"Strategies for sustainable building and housing"
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Dear Walter Pelka,
dear Senator Katharina Fegebank,
dear Ladies and Gentlemen,
In a city like Hamburg, people are used to keeping an eye on the water levels. This is particularly true around the port itself and the HafenCity district. If the water level rises one or two metres because, for instance, sections of Greenland’s glaciers melt, there may well be wet feet here in Hamburg. For coastal regions, in the long-term, one thing is very clear – a glance at what the Netherlands is going through tells us: it is going to cost money, a lot of money. If a whole country is only one or two metres above sea level, it becomes a matter of survival – for the country, the region, and the population. This is why it was so important that we did not just agree on an internationally binding two-degree limit on global warming at the Paris climate conference. We also pledged to make every effort to keep global warming below 1.5 degrees.
There are places in the world where the extent of global warming can make the difference between survival and destruction, countries such as Bangladesh and the Caribbean or Pacific Islands. In Paris, we achieved an agreement that exceeded all of our hopes. It is a milestone in international climate policy, and a sign of hope for people around the world. We succeeded in convincing all 195 parties to commit to a truly global climate agreement. It is an agreement that makes climate action binding and gives us a clear path to follow:
We are taking the road that leaves the era of fossil fuels behind. We are breaking free from a time in which we purchased our economic status and lifestyle at the cost of future generations and the poor. We are moving towards an era in which we will finally respect the earth’s ecological limits.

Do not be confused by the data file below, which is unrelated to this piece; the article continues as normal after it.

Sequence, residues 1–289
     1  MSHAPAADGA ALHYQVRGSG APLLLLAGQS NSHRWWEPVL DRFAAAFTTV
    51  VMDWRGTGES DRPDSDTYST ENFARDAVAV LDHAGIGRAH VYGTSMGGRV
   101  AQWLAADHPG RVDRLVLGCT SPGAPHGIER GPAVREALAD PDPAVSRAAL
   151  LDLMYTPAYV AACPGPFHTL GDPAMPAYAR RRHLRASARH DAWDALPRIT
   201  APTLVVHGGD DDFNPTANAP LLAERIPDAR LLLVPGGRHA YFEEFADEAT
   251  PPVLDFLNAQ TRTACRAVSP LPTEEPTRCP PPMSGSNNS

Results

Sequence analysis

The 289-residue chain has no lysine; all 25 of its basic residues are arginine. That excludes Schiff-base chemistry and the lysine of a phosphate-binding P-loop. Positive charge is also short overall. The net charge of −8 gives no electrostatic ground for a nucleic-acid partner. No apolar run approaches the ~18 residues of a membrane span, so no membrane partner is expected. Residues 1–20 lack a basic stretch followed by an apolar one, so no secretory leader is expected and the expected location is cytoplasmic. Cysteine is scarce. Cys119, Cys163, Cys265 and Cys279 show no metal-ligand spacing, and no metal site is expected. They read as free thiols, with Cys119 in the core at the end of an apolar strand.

2015 was a great year for setting off on this road. The countries of the world have taken important steps towards each other. The Paris Agreement was simply the culmination of this process. At the G7 meeting in June in Elmau, the world’s most important industrialised nations decided that the world economy must be decarbonised before the end of this century. This was an important signal. In practice, decarbonisation means a complete transformation of our current economic practices and a turn towards sustainable production methods and lifestyles. The thought behind this approach also influenced the other major milestones achieved in climate action and environmental protection in the last year. The 2030 Agenda for Sustainable Development was adopted at the United Nations Sustainable Development Summit in September. This agenda is the first approach that systematically combines the eradication of poverty with the preservation of our planet.
And it is high time we acted: It is up to our generation to create today the foundations that ensure that our world will remain worth living in for future generations. Or, rather, that it will become worth living in once more. Because 2015 was also the year in which Germany took in over one million refugees. Many of them will likely stay with us for a while. In the last year, around 60 million people around the world were fleeing hunger, poverty, war and persecution. This is the highest number of refugees ever recorded by the UN High Commissioner for Refugees. Unfortunately, many factors suggest that this number will not drop but continue to rise. Climate change and resource scarcity force people to leave their homes and increasingly are causes of conflict.